How feeling free to talk affects ordinary political conversation, purposeful argumentation, and civic participation

Robert O. Wyatt, Joohan Kim, Elihu Katz

Research output: Contribution to journalArticle

35 Citations (Scopus)


Scholars have examined how specific opinion climates affect political discourse, but little attention has been given to how perceived freedom to talk in general is related to congenial political conversation in ordinary spaces or willingness to argue with an opponent - or how each mode of talk affects civic participation. Respondents in a nationwide survey felt free to talk about politics. Freedom to talk, issue-specific news, and newspaper use were most strongly related to ordinary political conversation. With argumentation, issue-specific news, issue-specific talk, and local opinion climate dominated. Ordinary political conversation was significantly related to conventional participation; argumentation was not.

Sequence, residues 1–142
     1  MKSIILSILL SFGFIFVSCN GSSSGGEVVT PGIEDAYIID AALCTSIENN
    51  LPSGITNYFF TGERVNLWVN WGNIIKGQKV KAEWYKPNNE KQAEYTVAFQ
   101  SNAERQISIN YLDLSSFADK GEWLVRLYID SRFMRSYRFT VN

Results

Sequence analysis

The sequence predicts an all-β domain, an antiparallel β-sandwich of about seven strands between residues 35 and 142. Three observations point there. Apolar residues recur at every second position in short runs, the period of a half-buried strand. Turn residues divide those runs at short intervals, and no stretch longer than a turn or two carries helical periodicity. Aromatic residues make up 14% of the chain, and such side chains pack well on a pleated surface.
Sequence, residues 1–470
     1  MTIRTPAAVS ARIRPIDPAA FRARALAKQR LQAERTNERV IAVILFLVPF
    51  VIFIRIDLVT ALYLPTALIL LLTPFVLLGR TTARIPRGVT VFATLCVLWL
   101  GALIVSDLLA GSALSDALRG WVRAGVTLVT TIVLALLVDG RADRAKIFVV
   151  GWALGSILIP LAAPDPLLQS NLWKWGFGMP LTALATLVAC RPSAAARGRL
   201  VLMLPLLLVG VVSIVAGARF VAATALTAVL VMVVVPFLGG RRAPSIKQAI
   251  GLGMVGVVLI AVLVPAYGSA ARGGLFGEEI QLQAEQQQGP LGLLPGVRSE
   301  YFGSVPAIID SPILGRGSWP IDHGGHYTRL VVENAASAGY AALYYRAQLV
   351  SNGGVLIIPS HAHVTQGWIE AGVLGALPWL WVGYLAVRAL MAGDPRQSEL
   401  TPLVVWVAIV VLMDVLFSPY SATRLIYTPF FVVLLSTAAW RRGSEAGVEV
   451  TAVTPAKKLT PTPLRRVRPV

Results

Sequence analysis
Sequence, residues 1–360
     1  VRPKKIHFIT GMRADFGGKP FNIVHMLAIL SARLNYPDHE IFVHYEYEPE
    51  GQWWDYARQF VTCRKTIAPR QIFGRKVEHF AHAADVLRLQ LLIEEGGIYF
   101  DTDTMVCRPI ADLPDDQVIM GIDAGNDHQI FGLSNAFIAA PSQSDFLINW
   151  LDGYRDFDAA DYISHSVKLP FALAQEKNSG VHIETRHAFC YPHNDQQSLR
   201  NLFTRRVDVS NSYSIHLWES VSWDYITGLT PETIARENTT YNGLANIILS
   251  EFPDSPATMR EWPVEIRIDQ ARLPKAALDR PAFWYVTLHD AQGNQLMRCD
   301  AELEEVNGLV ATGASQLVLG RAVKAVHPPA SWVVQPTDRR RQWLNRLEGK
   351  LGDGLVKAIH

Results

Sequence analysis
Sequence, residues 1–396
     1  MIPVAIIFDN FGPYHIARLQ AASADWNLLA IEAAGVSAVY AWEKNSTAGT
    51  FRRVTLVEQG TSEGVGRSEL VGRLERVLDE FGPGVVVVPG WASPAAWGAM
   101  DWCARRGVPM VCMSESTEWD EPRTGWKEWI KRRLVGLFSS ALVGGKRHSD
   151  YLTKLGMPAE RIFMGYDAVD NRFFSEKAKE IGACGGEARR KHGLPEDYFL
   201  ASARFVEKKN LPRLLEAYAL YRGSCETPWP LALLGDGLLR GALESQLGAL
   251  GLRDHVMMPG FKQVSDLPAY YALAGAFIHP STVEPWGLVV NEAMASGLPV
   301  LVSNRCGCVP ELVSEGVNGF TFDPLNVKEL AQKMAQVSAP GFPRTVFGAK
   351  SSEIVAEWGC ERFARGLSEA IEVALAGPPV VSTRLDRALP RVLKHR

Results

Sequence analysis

Original languageEnglish
Pages (from-to)99-114
Number of pages16
JournalJournalism and Mass Communication Quaterly
Issue number1
Publication statusPublished - 2000 Jan 1


All Science Journal Classification (ASJC) codes

  • Communication

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